“It’s like Lego blocks—small bursts of things that can be assembled and disassembled to meet the needs of the business and our employees, so we can be much more nimble,” she said. “That includes e-books, animated shorts, video and short-burst classes. Making sure things are mobile so they can be played on a phone and not just a computer.”


"It’s like Lego blocks—small bursts of things that can be assembled and disassembled to meet the needs of the business and our employees, so we can be much more nimble."Gina Jeneroux


For Pope, flexibility means focusing less on the academic discipline itself and more on engagement. That includes engaging students on a personal level.

Pope starts her classes with one-on-one sessions with each student. She also distributes a survey to assess what type of technology each student has access to. Since the pandemic hit, she’s added more personal questions—such as whether a family member has had COVID-19—to better gauge how a student’s circumstance could affect their academic performance.

“I need to understand the mental health of the learner so I can develop a curriculum that wraps around whatever their current situation is,” Pope said. “It is pulling on our heartstrings in a different way. We have to focus on the human being in a different way we didn’t do before. I feel like a much better educator now due to the pandemic, because I had to be more reflective in the way that I was communicating.”


“I need to understand the mental health of the learner so I can develop a curriculum that wraps around whatever their current situation is. We have to focus on the human being in a different way we didn’t do before."—Kelly Richmond Pope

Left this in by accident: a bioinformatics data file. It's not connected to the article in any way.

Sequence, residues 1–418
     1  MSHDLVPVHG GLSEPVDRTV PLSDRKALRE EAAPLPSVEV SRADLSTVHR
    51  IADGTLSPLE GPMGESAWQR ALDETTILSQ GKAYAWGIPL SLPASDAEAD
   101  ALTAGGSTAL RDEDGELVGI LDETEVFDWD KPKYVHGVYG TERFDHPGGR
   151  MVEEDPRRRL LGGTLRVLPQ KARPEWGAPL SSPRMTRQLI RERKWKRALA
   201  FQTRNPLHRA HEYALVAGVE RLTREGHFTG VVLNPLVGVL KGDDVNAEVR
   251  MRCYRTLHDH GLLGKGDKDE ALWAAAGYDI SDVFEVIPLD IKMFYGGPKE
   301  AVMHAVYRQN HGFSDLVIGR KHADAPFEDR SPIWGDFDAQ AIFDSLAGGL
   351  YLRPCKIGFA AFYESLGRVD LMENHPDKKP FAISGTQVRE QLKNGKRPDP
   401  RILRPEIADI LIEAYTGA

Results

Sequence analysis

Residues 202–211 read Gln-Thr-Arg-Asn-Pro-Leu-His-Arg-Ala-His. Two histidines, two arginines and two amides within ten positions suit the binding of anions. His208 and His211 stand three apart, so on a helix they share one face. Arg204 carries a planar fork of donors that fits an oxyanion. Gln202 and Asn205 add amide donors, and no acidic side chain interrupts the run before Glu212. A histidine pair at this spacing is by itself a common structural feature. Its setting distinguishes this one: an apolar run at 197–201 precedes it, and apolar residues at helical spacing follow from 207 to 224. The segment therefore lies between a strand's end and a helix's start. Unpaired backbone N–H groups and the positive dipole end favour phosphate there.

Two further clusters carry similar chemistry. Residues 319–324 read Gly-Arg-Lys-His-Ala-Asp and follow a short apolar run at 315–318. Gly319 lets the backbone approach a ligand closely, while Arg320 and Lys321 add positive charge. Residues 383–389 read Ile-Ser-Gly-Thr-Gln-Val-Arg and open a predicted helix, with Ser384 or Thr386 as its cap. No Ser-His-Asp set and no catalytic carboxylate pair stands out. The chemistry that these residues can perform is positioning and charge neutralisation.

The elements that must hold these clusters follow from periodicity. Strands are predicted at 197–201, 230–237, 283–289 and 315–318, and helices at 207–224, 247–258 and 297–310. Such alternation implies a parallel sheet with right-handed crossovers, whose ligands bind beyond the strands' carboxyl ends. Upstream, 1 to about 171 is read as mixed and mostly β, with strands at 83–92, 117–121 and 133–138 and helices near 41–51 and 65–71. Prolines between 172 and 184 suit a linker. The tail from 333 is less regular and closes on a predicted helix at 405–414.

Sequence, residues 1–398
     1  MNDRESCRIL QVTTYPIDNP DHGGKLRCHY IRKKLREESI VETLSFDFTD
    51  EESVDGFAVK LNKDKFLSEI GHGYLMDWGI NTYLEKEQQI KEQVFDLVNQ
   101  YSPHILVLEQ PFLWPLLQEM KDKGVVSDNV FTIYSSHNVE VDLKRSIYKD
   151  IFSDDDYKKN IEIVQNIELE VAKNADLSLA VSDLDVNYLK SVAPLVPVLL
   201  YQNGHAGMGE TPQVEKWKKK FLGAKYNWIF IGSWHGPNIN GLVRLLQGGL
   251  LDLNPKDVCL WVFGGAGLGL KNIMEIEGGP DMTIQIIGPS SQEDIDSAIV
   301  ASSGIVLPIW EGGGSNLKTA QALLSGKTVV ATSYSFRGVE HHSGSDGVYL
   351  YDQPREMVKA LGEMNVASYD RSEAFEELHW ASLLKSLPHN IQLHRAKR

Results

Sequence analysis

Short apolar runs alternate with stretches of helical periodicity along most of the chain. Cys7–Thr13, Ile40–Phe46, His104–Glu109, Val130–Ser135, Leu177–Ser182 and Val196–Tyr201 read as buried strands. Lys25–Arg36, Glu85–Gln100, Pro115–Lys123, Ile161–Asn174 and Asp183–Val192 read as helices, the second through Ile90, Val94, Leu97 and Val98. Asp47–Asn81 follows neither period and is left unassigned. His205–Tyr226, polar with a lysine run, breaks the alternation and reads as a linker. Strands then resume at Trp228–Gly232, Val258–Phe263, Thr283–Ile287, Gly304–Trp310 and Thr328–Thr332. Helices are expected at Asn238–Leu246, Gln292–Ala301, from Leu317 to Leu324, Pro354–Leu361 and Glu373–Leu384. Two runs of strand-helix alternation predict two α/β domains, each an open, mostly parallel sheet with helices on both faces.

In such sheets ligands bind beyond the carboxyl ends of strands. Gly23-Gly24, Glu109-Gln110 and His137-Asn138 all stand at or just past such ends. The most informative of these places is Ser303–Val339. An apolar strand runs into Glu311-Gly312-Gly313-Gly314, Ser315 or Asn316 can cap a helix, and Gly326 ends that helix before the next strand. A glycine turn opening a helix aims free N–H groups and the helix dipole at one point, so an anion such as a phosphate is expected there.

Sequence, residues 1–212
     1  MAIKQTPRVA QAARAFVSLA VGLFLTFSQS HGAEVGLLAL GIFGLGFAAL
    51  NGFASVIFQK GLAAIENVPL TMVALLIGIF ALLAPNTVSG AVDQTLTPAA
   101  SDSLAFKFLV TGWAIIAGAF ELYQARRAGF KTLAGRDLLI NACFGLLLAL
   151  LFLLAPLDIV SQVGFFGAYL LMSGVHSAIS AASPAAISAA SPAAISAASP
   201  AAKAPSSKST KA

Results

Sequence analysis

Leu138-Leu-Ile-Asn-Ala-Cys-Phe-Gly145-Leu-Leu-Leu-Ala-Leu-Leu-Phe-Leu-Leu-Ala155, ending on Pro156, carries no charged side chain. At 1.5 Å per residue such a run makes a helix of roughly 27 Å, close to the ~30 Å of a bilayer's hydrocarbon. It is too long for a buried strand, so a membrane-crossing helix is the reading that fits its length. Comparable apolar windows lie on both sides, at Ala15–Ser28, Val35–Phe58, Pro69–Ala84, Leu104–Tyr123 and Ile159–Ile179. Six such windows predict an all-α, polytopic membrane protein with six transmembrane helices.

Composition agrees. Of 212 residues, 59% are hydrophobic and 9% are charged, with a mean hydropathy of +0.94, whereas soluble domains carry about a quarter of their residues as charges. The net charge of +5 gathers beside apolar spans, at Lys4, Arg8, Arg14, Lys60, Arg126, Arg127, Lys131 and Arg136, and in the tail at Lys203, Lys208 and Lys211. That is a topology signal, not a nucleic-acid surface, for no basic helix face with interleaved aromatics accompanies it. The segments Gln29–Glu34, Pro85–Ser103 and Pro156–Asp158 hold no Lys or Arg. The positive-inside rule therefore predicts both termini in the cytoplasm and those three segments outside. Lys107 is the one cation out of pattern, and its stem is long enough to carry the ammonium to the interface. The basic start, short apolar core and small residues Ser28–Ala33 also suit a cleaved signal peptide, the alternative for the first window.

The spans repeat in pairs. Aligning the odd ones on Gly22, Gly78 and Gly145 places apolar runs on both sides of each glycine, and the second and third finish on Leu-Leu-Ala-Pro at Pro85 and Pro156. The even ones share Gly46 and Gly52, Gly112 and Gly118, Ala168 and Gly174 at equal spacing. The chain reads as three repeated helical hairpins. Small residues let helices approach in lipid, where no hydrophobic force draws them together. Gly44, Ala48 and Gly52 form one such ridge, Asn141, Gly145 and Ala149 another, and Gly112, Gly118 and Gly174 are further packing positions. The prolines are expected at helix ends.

The Human Factor

Pope touched on an aspect that sometimes gets lost amid all the discussions around technology and teaching techniques. That is, it’s important to keep in mind what effect these issues have beyond the classroom. For example, how do you evaluate employee productivity when many parents find themselves working at home with children who are themselves being educated remotely?

“Our first focus was making sure people had the support they needed,” Jeneroux said. “We provided additional days off if people needed them to be able to manage through the uncertainty of trying to get their kids set up and focus on education.”

Jeneroux also pointed out the importance of managing to objectives. “It doesn’t matter as much exactly when people do the work they need to be doing. If the best time to do something is 10 at night to meet a deliverable, that’s fine. More than anything, we need to be continue to be flexible in this environment because there’s still a lot of uncertainty, and we need to make sure we’re setting up people for success to do their work well.”

Amid that uncertainty, Pope and Jeneroux stressed the importance of providing as much consistency as possible.

“I ensured [my students] that this is the same class I would offer if it were face to face,” Pope said. “So we have speakers, now they just Zoom in. I’m accessible—here’s my email, here’s my phone number. I wanted to assure them that it was the same class, just a different format.”

“Once you chart a course, you don’t want to add uncertainty to the learning process,” Jeneroux said. “So it’s making sure that people know what they can rely on and what you’re able to provide. Some things right out of the gate, we said we’re pausing on this. Other things we would give clear dates on when decisions would be made on programs.”

The Next Steps

As the debate currently rages about how to progress for the fall semester, Pope’s strategy was to prepare for all virtual instruction. So when DePaul University announced that most of its fall classes were going to be virtual, she was ready.

“If you had always planned to be virtual, then to switch back to face-to-face is easier than the other way,” she said. “I had planned to go virtual, but I’m not sure if everyone took that approach. In school districts around the country, if you were waiting for that determination of face-to-face [instruction] and then the light switch goes off that you’re going to go online, you’re back in that scared mode again. The fall may look very similar to the spring, with these emergency triage-type environments. It’s a scary place right now for educators.”